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Dan's story

Adjusting to life with mum on watch and wait

Dan is 16. His mum Kate was diagnosed with a form of low-grade non-Hodgkin lymphoma (low-grade NHL) in September 2010, and has been on watch and wait ever since.

A mother and child laughing together on their sofa at home, the son's feet on his mother's lap.

Dan is 16. His mum Kate was diagnosed with a form of low-grade non-Hodgkin lymphoma (low-grade NHL) in September 2010, and has been on watch and wait ever since.


I was about six when my mum was first diagnosed. I can’t remember what I thought about it at the time – I probably didn’t know what to think, because I didn’t really know what the situation was. As the years progressed, people were telling me things in bits and pieces – I think it took a year or two to fully understand.

Coming to terms with it did take longer – it’s a weird thing knowing that your mum has got cancer. But I knew that the type of blood cancer she has is not life-threatening, which is good. I also know that I am one of the lucky ones and things could be a lot worse.

It does have an effect on her life. Mum gets tired really easily and when she comes home from work, she is extra tired. But perhaps one of the reasons it hasn’t really affected me that badly is because I have gradually come to terms with it and adjusted to it.

Counselling has helped me cope with change

I haven’t talked to many people about my mum having lymphoma – I’ve just sort of got on with it. But I have had a bit of trouble adjusting to some other things in my life, and coping with changes.

I had really bad anxiety in Year Seven – I had to have two weeks off school as I was literally throwing up with worry. I ended up seeing the counsellor for two years and that definitely helped a lot.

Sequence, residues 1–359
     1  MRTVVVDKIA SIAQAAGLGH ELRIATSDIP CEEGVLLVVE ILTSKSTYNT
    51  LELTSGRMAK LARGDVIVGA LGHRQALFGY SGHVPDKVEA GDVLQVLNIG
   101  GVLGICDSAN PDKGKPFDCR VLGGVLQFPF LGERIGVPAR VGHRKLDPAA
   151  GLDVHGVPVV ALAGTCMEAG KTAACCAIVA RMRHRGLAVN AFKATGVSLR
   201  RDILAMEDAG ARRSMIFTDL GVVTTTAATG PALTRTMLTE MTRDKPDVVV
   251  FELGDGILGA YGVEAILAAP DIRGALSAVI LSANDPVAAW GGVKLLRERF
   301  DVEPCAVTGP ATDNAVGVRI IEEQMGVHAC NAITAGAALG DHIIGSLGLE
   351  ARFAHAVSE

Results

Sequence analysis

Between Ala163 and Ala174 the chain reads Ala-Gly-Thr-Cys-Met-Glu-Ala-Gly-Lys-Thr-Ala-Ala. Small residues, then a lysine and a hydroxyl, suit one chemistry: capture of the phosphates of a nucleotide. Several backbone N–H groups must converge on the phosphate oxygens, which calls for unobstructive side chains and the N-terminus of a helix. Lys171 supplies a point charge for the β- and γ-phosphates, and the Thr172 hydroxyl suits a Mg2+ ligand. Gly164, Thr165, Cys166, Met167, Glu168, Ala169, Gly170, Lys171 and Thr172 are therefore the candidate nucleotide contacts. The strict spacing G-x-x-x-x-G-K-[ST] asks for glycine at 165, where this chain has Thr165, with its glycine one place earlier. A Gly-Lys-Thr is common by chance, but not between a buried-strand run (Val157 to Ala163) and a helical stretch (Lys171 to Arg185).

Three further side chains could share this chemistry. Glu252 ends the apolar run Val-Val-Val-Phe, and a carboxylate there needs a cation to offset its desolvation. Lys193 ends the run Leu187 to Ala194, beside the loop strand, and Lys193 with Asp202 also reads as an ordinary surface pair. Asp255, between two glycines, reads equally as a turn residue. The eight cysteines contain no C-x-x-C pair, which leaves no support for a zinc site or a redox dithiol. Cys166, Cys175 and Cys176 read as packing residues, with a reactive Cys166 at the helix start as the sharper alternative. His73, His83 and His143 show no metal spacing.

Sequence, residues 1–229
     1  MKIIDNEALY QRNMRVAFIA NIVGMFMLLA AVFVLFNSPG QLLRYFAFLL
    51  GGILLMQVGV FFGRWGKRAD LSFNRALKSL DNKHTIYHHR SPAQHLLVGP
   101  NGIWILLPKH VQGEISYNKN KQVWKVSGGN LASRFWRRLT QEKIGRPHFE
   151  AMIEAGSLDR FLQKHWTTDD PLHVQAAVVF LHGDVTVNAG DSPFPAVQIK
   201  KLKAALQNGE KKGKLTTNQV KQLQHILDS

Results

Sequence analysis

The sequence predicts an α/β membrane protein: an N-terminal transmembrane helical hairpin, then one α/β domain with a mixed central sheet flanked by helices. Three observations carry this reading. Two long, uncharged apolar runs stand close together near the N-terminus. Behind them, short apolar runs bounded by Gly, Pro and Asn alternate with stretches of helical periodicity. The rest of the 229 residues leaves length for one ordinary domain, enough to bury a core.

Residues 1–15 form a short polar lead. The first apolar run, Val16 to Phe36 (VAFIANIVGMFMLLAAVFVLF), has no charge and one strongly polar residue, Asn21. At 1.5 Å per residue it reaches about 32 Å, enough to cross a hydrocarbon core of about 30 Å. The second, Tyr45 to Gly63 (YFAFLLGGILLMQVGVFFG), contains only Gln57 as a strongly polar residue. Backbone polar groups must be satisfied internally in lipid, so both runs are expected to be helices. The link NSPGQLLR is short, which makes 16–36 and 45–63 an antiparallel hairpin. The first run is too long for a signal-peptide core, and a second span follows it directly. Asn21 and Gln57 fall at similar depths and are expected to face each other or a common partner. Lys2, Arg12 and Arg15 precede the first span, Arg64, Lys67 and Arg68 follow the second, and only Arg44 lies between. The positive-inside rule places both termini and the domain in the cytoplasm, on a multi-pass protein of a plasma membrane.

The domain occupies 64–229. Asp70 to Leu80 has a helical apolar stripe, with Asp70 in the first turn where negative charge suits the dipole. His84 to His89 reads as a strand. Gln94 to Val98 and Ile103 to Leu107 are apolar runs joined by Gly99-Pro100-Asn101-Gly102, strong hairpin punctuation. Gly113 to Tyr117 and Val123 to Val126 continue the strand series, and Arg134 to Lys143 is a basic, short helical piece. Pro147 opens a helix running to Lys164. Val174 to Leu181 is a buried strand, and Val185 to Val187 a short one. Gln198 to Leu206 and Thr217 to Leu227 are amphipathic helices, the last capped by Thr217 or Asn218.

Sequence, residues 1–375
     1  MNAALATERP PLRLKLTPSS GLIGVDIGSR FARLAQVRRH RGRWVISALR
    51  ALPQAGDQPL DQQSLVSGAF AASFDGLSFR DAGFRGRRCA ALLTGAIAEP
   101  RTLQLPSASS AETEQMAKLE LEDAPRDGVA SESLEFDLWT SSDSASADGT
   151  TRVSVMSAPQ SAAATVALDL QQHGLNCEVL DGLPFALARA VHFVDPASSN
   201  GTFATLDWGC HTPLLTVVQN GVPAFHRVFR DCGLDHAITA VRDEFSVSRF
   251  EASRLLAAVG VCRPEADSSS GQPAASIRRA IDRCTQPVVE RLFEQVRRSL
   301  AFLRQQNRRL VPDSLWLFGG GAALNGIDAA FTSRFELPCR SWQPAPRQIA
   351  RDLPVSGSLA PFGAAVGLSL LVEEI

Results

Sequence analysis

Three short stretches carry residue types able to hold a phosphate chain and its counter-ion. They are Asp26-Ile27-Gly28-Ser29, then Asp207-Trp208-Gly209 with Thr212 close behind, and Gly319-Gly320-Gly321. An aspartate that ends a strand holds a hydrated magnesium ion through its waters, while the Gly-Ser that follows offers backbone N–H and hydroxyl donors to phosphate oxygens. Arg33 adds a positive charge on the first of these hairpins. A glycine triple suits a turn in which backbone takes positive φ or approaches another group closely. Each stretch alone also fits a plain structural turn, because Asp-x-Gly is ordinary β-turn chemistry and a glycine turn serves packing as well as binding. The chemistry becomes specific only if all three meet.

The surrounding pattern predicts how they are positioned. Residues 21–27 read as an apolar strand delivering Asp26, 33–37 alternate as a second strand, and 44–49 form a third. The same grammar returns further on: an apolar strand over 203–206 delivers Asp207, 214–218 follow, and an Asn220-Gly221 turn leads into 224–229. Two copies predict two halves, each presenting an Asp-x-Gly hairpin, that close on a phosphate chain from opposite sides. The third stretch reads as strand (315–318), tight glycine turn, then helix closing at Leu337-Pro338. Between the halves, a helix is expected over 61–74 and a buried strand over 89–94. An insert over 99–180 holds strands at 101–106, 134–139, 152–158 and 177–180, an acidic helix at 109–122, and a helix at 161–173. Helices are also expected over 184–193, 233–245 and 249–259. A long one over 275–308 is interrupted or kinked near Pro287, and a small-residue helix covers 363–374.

We discussed lots of things I had seen and done in my life, including talking about my mum a few times. The counsellor was a person I could go to when I was upset. 

Talking to my friends about cancer

When I told some of my friends that my mum has cancer, they were quite shocked. Lots of them have met my mum and say that she’s the best. They couldn’t tell that she had cancer. But once they knew, they were great about it – after I told them things went back to normal.

Because of my own experiences, I’ve been able to support a friend whose close family member had cancer. It affected him really badly. He was very sad and I was glad I could be there for him.

Ways to cope with stress

Someone recommended watching the TV show Modern Family as a way to escape, and I got really into that. It’s really funny and it always calms me down! I am also a massive film fanatic – I just have to be careful that I don’t watch films that are too anxiety-provoking.

I do free running once a week – it’s also called Parkour. It’s a bit like gymnastics and it’s a great sport to learn. At the start of every session, we play dodgeball – it’s very stress-relieving to throw dodge! Free running can also be a way to de-stress, especially when I do it with my friends. It’s really entertaining. I’ve got new skills and tricks that I didn’t have before I started.

Using my imagination and being creative

At school I do product design and art and I’m going to study games design at college. My mum says I have a massive imagination – when I am at home I try and think about nice things and literally just sit and zone out for a while. I find it’s a good way to escape from stressing out.

I like using my imagination but turning it into something real. It’s good to get things that are stuck in my head down on paper.

Being there for my mum

I don’t always know what to say when it comes to the cancer – I’m not always great with words. But mum and I do loads of stuff together and just hang out together. It’s great just being silly! Mum is a movie fanatic and sci-fi fan as well, so we go to the cinema a lot.

To other young people whose parents have cancer, I would say, “If you need to get a counsellor to help you get through it, you should do it.”

I’ve got used to mum’s cancer – you can live with it if you try. Eventually, when you come to terms with it, it’s not all bad.

Janssen-Cilag Ltd has supported Blood Cancer UK with funding for the production of this web page and others within the ‘Living well’ section. It had no influence over the content.

An older woman Eric strides happily down a suburban street on her way somewhere.

Watch and wait

If you’re on watch and wait, learn what it means and find ways to cope.

Watch and wait